• Apple does not use Samsung's processors; they only use the company as ...

      ... subcontractor to produce Apple's own processors. And now they partially moving to other subcontractors in this.

      As to "flexible display", it should be noted that actual screen/phone is not going to be flexible. The display is curved/flexed, but the device is not flexible. And, before that, OLED's issues such as high power consumption in displaying lighter colours, poor longevity, and inaccurate colours are not going away.
    • Apple designs its own processors then contracts a Fab

      to turn them out.
  • Hats off to samsung and especially ARM

    This is one of the best news that I have heard in 2013 at least in terms of technology. Samsung definitely gets the credit 4 being the first one to use the Big.little architecture. Well at the moment having read the white paper, it looks pretty much flawless to me fact just like an ideal processor.

    But the question that worries me is that do we need an 8 core processor for something like a mobile phone/ phablet ? I mean, I have used pretty much all the latest Samsung and apple devices, and according to me they seem to work almost flawlessly. One thing that I was looking for was a RAM improvement, and I believe 2 GB RAM recently introduced by a few devices is sufficient along with a decent 1.2 Gig quad (even dual) core processor/ GPU is sufficient to run almost any Game/ App/ 1080p Blu Ray Movie and supports a good multitasking as well. I believe there is lapse in understanding about the requirements of what the users actually need from their phone/ unit. More than 75% of the users who end up buying don't actually need that much processing speed/ power et al. I think the companies know this fact very well, but the competition is making them work harder and just constantly produce better output.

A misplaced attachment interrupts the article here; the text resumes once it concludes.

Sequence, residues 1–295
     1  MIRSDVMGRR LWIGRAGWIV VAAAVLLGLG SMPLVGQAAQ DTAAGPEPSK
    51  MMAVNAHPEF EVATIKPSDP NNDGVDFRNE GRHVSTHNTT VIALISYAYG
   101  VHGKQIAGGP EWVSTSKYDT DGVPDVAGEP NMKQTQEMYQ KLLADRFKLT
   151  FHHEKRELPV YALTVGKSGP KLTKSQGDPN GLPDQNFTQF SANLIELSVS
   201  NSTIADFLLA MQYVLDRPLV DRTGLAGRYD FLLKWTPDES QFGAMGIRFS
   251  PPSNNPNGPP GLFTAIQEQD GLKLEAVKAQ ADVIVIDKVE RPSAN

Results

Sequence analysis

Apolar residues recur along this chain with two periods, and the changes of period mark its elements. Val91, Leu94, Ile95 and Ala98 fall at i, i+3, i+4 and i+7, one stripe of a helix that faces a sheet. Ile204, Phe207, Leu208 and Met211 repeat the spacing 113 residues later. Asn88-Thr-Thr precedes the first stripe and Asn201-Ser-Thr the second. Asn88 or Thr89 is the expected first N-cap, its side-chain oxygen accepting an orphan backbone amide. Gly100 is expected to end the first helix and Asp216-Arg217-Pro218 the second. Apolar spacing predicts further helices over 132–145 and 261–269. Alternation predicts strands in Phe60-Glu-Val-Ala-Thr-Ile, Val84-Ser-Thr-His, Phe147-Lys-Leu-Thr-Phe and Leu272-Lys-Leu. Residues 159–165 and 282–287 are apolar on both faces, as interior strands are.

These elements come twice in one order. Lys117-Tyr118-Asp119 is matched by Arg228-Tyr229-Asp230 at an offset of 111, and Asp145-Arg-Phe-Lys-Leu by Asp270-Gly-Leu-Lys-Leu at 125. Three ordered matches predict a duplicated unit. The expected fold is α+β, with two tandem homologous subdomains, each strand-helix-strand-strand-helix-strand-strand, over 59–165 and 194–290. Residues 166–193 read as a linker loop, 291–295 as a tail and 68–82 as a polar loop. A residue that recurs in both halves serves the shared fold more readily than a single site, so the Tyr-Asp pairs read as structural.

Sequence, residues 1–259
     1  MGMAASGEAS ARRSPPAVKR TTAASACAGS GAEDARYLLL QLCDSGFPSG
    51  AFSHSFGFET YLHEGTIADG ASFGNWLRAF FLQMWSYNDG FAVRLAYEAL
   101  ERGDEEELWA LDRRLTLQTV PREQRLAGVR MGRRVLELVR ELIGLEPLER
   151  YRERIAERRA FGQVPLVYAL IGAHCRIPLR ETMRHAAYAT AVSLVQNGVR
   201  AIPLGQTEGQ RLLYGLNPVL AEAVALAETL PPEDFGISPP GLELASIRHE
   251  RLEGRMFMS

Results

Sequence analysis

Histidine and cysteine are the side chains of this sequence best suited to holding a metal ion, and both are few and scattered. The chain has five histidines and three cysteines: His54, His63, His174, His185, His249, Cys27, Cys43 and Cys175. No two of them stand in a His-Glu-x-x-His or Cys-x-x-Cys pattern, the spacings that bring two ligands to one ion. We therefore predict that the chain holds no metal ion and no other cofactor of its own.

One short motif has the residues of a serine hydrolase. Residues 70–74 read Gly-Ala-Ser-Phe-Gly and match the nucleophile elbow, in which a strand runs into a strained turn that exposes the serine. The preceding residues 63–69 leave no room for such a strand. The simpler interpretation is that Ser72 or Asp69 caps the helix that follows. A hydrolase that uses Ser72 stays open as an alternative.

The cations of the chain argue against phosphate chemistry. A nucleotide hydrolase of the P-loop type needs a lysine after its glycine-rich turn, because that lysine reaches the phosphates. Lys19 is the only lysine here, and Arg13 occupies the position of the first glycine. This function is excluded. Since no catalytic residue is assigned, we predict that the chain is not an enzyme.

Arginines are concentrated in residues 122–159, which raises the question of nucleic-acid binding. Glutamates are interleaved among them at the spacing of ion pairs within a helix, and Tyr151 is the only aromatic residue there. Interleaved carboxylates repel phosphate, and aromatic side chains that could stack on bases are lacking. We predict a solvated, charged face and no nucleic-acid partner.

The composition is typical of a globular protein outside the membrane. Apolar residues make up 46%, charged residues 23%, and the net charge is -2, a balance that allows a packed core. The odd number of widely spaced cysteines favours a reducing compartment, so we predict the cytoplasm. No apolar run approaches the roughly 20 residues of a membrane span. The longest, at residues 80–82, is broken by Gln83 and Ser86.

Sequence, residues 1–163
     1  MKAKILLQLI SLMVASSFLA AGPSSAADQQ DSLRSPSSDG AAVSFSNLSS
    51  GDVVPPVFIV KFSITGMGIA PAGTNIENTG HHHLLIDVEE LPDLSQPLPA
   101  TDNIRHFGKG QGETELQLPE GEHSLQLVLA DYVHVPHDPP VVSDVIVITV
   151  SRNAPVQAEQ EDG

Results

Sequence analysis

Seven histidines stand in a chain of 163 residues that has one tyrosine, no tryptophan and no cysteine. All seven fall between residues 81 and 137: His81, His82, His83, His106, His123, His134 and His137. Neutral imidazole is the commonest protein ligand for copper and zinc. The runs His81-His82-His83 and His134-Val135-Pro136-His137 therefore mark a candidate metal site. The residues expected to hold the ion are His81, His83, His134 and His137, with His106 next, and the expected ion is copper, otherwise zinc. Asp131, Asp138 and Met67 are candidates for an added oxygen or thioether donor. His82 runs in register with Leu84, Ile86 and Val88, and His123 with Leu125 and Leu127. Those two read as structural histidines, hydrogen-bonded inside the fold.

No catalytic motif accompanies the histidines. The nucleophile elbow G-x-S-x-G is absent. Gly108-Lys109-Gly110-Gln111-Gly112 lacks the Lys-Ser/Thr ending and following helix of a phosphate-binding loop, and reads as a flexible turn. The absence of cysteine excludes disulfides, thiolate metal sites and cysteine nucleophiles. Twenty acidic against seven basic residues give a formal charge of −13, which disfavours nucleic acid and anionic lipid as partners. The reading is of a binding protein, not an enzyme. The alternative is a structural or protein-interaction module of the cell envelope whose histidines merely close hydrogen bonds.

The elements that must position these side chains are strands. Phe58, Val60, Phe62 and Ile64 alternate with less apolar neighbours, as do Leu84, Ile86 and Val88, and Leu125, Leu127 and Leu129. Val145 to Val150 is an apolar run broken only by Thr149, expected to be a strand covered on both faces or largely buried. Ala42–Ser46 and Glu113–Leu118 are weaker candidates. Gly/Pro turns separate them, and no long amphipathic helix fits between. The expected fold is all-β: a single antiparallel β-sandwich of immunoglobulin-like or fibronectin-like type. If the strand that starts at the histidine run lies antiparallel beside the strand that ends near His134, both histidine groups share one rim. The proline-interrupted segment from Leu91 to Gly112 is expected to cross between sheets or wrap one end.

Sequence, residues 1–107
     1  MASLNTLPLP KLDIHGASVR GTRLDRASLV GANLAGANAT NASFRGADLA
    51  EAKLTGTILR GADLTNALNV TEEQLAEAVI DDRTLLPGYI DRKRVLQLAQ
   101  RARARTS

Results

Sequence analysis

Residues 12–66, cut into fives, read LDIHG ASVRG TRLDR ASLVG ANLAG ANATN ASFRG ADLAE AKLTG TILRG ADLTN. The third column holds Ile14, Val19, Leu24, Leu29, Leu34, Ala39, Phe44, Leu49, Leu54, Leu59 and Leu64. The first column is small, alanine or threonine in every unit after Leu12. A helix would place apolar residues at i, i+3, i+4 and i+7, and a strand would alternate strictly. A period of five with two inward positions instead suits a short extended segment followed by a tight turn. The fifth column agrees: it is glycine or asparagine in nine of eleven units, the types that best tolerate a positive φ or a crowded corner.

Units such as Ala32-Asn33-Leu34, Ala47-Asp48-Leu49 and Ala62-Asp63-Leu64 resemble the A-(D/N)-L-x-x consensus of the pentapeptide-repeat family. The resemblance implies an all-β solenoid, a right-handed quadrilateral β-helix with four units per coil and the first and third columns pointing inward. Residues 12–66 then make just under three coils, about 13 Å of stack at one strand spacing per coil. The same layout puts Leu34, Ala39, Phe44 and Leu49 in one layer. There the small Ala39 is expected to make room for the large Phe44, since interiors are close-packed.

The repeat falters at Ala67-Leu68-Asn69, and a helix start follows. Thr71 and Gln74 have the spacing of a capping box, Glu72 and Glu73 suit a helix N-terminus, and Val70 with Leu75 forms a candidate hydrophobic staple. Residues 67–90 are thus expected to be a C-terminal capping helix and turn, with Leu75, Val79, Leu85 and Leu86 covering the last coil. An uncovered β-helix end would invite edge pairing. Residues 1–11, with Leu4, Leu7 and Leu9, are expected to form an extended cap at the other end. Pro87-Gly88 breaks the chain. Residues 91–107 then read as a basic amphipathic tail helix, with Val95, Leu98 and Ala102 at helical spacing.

What I personally like about this is amazing chip is the low power consumption and two separate processor system. As an embedded engineer, high power consumption is always a night mare. And the combination of A15 and A7 in the same chip makes it more versatile and improves the functionality, priority based events and thus the speed of the processing unit even further. I am looking forward to see this chip in S4.

    And this line especially shows whats next in store for the embedded market :)
    "We have leaped from 90-nanometer (nm) to 28nm manufacturing in five generations, and we are looking to go even lower to 20nm, 14nm and even 10nm in the future," Woo promised.
    Vishal Ranbhan
    • Bingo

      The innovation/tech race has turned to more power, and shot past the need for 95% of smartphone users. Unless we come up some state of the art AI processing system that needs that much, the market is currently sated in terms of processing power.

      Right now the race should be on efficiency and low power.

      Smartphones have essentially replaced digital cameras for most people, and are closing in on the digital video recorder market.
  • Samsung flexes component muscle, debuts Exynos 5 'Octa'

    china/far east, israel/middle east, europe, usa/america, china/far east full circle ,,, the long march of civilization as we know it. next stop? israel/middle east?
  • Even Intel Cannot Manage 8 Cores

    This just shows how stagnant the PC market has become, and how much innovation has moved to the mobile market. How many cores can Windows Phone manage? Did you know Windows Phone can't handle big.LITTLE, so the extra core in the 4+1 setup has to be disabled?

    Only Android, with its Linux foundation, can run seamlessly on anything from 1 core up to 2, 4, 8 and beyond, homogeneous or heterogenous, whatever future technology developments may bring, the day it ships.